George Chow says he was just shy of 19 and had no idea what he was getting into when he enlisted to serve in the Second World War.
He arrived at the Vancouver train station from his home in Victoria in 1941 and boarded the eastbound train for Halifax, with a stop for training in Windsor, Ont., before embarking for Europe.
“We weren’t being patriotic, we just joined for adventure,” he said.
“Out of the 250 people in my battery, I think there’s only one or two of us left now.”
Chow was among several veterans of the Second World War who gathered at the same Via Rail Canada train station Friday for a commemorative event honouring the 75th anniversary of D-Day and the Battle of Normandy.
A pair of combat boots was loaded on a train bound for Halifax and Veterans Affairs Minister Lawrence MacAulay said they will serve as a visual representation of the journey so many Canadians made to serve.
“They traded their civilian shoes for military boots, they left their family and friends behind, and they headed halfway around the world to defend our freedom, our democracy and our peace,” MacAulay said.
The battles are among Canada’s most significant military engagements of the 20th century.
About 14,000 Canadians stormed Juno Beach in northern France on D-Day, June 6, 1944. It marked the beginning of the Battle of Normandy, in which 5,000 Canadians died and more than 13,000 were wounded.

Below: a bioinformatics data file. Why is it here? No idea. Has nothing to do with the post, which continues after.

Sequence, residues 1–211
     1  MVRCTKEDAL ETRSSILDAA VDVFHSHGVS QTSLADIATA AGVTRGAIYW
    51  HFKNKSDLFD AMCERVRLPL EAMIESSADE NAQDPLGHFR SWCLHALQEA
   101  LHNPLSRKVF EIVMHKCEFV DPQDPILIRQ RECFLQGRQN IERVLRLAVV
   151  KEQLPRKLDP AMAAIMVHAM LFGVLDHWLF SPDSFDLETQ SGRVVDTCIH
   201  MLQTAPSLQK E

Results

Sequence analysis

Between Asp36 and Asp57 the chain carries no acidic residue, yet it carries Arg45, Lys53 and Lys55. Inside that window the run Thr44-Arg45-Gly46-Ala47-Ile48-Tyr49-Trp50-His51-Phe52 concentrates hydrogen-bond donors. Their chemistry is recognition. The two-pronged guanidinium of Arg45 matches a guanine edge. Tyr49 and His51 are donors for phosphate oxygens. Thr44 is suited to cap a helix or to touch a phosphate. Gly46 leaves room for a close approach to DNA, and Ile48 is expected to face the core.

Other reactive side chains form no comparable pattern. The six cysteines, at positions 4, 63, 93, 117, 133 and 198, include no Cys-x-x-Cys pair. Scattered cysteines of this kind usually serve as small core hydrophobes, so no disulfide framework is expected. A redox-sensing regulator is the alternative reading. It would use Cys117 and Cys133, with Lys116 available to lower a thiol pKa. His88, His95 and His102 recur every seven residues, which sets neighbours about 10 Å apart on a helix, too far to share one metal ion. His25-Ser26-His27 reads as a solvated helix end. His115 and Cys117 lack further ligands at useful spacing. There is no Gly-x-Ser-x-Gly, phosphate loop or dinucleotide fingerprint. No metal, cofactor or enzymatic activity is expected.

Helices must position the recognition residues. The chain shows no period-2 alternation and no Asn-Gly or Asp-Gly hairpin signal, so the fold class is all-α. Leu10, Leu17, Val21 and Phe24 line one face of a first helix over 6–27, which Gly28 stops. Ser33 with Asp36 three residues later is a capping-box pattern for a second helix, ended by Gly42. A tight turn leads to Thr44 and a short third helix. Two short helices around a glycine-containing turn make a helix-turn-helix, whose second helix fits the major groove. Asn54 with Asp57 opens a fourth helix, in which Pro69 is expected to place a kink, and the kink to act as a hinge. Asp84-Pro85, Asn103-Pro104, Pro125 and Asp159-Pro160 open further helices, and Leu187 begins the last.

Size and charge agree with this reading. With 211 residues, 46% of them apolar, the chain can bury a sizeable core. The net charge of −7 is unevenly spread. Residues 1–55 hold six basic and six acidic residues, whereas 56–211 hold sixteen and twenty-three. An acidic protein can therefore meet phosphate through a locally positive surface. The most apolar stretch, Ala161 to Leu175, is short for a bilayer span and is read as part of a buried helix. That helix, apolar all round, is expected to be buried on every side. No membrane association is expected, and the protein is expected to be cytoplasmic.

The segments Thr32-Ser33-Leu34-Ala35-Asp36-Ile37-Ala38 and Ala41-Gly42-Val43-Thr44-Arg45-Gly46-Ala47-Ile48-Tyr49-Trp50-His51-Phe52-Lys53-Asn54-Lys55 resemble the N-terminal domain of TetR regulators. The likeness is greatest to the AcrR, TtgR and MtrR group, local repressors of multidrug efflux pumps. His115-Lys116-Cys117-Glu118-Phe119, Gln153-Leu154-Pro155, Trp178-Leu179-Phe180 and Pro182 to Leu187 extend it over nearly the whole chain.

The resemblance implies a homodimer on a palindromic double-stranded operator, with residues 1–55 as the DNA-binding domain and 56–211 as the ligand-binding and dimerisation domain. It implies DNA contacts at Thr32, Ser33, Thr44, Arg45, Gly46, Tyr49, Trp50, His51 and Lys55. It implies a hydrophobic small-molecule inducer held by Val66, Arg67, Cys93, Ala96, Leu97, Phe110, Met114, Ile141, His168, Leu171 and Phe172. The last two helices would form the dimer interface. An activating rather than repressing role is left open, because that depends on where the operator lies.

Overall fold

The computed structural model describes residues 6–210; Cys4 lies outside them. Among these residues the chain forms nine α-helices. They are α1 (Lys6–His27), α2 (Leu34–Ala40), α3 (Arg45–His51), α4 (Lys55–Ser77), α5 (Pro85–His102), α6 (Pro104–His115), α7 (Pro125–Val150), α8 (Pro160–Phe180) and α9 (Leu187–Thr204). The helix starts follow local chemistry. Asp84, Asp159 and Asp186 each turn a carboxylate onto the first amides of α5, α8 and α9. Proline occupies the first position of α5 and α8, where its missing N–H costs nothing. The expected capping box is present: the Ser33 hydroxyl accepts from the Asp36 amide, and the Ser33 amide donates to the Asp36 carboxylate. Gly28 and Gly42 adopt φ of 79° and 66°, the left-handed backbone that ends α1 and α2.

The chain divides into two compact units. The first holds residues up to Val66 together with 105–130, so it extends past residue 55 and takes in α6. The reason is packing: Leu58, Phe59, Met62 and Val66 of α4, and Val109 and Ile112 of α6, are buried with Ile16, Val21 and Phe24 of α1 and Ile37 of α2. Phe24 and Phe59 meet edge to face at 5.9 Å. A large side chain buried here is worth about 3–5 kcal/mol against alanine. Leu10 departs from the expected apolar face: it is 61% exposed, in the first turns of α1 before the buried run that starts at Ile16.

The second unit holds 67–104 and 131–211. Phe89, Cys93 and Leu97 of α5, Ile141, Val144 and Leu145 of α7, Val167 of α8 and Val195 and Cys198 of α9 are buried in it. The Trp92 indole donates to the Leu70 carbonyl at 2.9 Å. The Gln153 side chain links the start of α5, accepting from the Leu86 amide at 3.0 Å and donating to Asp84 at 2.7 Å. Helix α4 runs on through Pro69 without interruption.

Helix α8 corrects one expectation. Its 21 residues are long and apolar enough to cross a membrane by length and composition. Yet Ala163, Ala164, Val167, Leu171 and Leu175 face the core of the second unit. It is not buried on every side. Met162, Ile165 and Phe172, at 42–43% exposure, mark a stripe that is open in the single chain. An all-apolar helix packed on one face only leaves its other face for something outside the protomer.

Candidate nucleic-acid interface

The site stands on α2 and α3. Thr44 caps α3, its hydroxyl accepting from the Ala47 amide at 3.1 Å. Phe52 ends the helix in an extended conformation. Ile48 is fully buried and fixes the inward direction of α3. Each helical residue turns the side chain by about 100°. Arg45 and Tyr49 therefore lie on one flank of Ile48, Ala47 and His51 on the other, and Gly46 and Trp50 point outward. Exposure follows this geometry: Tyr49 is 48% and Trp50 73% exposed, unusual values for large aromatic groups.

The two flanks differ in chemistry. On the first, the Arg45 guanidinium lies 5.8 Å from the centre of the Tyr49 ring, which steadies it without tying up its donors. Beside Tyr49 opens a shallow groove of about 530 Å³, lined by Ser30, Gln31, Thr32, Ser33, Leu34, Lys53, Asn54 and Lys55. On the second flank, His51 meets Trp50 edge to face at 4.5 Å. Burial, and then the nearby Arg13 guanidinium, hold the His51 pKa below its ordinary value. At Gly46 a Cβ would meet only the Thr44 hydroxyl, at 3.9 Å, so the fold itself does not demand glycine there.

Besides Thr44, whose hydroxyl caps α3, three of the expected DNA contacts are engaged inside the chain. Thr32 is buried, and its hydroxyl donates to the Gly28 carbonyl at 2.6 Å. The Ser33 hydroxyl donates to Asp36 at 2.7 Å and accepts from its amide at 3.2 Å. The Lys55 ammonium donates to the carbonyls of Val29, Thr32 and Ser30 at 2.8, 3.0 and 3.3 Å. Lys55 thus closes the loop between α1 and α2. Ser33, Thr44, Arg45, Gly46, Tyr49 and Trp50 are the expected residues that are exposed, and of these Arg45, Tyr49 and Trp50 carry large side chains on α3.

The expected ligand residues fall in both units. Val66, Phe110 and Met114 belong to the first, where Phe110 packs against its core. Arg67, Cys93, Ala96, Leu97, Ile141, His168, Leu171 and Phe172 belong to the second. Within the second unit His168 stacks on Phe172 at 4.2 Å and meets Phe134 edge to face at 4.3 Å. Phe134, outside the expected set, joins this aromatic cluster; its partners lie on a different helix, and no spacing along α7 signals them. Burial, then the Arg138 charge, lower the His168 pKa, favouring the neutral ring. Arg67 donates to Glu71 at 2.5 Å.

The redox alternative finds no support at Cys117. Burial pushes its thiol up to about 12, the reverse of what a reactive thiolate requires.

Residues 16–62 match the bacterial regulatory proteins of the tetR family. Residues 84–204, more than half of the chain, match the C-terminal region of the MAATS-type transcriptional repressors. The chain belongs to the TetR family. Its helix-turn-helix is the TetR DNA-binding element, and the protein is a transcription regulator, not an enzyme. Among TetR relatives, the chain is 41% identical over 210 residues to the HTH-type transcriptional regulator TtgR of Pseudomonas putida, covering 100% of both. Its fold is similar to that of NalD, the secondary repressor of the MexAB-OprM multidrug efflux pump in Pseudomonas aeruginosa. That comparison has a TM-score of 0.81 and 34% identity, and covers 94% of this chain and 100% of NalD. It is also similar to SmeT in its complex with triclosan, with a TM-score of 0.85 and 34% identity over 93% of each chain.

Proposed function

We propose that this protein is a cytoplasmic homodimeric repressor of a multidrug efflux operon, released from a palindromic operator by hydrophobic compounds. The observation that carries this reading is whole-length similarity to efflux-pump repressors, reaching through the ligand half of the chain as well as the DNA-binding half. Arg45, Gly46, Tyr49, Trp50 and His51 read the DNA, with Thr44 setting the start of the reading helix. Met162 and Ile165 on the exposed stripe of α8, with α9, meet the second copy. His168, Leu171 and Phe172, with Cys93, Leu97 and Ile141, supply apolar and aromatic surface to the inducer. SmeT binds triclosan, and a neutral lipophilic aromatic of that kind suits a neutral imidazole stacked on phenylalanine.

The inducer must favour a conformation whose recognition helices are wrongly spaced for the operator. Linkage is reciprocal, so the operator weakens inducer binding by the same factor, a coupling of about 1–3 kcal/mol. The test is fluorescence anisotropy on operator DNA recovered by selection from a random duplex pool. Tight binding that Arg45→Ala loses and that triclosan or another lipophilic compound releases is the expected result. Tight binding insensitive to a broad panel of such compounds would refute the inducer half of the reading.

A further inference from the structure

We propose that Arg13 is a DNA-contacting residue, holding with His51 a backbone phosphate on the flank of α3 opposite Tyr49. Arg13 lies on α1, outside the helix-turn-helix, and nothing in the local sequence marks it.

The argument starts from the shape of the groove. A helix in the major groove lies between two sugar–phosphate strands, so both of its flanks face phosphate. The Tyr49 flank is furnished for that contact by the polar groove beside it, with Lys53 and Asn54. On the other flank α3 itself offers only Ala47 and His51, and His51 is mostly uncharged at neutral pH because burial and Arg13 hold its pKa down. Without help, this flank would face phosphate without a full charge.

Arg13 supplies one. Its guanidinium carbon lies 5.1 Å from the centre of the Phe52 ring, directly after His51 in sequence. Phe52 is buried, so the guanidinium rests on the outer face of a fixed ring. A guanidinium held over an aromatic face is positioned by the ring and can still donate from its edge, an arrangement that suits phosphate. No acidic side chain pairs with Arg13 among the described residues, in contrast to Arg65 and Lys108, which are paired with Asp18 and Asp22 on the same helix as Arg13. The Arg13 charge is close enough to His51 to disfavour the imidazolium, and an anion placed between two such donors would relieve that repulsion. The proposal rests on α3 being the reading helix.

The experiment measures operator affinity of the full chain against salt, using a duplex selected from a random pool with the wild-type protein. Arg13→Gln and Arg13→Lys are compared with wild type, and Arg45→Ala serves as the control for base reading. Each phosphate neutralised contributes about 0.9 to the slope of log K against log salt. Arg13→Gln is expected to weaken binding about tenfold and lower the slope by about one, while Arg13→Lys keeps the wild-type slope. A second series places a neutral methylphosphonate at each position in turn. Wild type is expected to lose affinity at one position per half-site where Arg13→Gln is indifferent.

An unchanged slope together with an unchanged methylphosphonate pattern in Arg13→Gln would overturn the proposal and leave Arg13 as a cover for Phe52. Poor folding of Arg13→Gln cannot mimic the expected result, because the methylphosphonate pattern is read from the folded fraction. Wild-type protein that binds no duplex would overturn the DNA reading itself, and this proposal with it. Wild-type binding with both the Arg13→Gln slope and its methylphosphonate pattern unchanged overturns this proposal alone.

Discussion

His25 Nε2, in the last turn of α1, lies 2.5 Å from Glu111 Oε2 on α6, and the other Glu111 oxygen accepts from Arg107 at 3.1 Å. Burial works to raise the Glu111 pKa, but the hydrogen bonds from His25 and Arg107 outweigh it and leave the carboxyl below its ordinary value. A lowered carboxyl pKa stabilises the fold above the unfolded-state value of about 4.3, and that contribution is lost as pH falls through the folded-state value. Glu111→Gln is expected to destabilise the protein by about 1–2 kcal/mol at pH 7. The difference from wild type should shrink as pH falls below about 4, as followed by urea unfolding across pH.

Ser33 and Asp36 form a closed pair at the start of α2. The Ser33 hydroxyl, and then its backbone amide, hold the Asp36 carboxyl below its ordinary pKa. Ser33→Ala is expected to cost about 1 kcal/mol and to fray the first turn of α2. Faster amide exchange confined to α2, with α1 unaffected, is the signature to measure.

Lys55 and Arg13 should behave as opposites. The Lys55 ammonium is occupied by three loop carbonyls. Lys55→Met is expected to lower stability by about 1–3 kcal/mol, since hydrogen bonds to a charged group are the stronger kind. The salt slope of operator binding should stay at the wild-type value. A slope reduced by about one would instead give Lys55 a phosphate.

Chow was among six veterans who served at D-Day and Normandy who were present for the commemoration. He was part of an artillery group that landed at Normandy before moving inland to Caen.
“I lost a lot of friends in Dieppe, I lost a lot of friends in Germany,” he said.
He also survived two “friendly fire” bombings, first by American troops then a British-Canadian combined force.
“Those were the bad times,” he said.
Norm Kirby said there must have been some confusion when he enlisted from the Vancouver’s North Shore but was assigned to New Brunswick’s North Shore Regiment. Although almost the entire regiment was francophone, he said they found ways to communicate.
“I’ve never met and never had such fine friends as those from New Brunswick. I’m sad to say there’s only two of us left,” Kirby said.
Kirby said on his way to the beach on D-Day, his landing craft hit a mine that almost tore off the bottom of the vessel.
“Luckily, I was one of the ones who was able to get to shore,” he said.
MacAulay said commemorative ceremonies will be held in nine communities across the country as the train makes its journey.
The federal government says it is also hosting several other remembrance events for the anniversary, including events at the Sailors’ Memorial and Citadel National Historic Site in Halifax and a candlelight ceremony in Victoria in the coming months.
Amy Smart, The Canadian Press
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